It isn't often I want to start a blog post off by saying "forget what I told you before" but when it comes to the Facebook cover image that is the case. It turns out Facebook has relaxed its previously strict guidelines to what could and could not be included in cover images for Facebook business pages. Before I share how you can get back to business with your Facebook cover image, let's do a quick review of what the rules used to be.
• No contact information was allowed and this included email addresses, website URL's, phone numbers and even street addresses.
• No calls to action were allowed, so you could not ask people to visit your website, like your page, share your specials or anything like that.
• Any references to Facebook features were prohibited, so pointing to the like button, or indicating your different tabs were not allowed.
• No prices or purchase information was allowed, so for instance, you could not have a picture of your latest product with a 40% off sale sign on it.
You can now do any and all of these things, however, you have to do them within the limitations of the last remaining rule, and that is the 20% text rule.
What does 20% text rule mean? Well, basically it means that any text you have on your cover photo cannot take up more than 20% of the image. This can become tricky when you design your image, as you have to be as concise and strategic with your message as possible.
So exactly how do you get back to business with your Facebook cover image? For starters, think about what you want to promote about your business. Do you want to upload a general cover to get people to like your page? Or, do you have a great special that you want people to buy? Or, are you looking to get more people to visit your website? Your goal is the first thing you need to decide on when designing your cover image. If you opt for a few concepts, make one for each element you want to promote and rotate them. In fact, changing your Facebook cover fairly often to reflect new promotions, try out new calls to action or direct people to an opt-in landing page is a great strategy to illicit more response.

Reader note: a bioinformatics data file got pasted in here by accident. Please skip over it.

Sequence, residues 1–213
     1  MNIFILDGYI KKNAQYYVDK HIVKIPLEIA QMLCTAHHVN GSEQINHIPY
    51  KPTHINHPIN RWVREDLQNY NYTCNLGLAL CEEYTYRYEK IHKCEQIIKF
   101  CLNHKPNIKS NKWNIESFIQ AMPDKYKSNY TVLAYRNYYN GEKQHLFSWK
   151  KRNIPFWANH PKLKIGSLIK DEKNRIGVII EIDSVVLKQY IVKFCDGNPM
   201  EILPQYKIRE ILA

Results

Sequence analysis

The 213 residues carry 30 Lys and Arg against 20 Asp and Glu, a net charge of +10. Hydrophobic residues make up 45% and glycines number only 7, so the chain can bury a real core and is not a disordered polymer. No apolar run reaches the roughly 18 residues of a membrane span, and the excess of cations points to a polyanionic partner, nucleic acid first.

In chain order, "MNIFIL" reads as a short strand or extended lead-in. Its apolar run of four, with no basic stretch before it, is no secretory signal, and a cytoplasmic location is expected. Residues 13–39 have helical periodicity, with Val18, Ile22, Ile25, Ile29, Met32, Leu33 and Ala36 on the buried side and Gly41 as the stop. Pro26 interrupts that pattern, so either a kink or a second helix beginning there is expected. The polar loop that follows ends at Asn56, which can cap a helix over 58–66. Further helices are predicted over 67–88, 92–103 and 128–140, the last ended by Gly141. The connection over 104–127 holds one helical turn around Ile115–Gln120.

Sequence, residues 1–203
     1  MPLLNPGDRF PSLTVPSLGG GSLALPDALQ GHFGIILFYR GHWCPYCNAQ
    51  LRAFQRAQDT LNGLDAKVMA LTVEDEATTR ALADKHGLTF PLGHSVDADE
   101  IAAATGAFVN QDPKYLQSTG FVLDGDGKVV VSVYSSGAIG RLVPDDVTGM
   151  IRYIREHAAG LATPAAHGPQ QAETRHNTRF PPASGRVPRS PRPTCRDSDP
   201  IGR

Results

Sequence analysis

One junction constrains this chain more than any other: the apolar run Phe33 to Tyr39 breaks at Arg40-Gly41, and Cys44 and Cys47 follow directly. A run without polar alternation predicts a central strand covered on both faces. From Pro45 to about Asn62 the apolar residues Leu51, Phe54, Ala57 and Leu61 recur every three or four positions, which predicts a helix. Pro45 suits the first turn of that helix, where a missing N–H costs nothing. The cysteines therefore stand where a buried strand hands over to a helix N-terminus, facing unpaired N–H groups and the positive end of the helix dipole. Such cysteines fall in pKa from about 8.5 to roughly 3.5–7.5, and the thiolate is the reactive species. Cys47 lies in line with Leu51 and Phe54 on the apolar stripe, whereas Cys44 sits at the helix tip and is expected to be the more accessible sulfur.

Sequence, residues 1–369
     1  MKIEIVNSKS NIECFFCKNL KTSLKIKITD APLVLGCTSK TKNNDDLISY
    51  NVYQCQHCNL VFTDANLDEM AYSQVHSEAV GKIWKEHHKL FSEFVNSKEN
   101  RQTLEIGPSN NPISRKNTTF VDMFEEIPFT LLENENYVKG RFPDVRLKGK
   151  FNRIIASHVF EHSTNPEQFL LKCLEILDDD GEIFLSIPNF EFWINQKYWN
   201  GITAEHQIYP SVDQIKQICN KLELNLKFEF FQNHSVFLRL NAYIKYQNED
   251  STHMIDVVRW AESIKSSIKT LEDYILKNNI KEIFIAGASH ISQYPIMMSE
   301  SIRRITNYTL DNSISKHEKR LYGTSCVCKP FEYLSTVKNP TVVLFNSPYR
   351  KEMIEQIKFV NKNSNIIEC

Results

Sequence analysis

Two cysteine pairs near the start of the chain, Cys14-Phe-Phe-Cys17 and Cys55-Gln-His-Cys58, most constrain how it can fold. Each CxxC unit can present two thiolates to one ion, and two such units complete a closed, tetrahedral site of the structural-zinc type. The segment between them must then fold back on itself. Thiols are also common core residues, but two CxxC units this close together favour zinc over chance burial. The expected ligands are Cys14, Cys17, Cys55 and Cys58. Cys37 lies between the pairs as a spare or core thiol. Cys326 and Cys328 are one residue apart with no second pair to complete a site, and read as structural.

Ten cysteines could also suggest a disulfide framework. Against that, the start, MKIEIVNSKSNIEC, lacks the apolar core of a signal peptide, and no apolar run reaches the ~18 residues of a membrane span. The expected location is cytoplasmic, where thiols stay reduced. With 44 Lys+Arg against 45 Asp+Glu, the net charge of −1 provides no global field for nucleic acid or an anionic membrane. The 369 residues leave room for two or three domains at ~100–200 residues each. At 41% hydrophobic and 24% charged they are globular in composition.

Of course you must also work out how to fit your ideas into the 20% text rule. Here is a template I like to use or you can create your own. Basically, you can create any square or rectangular shape that covers 1/5th of the image. This could be located all down the right hand side, as a square block in the center of the image, or split up with a "Like Us" indicator on the right bottom corner, a "Visit Our Site for a Free Survey" in the center, and a website address in the top left hand corner.
Also, don't forget your Facebook cover image now pops up when a user hovers over your page name in their newsfeed or friend's profile giving you one more reason to make sure it properly represents your brand and quickly communicates your message.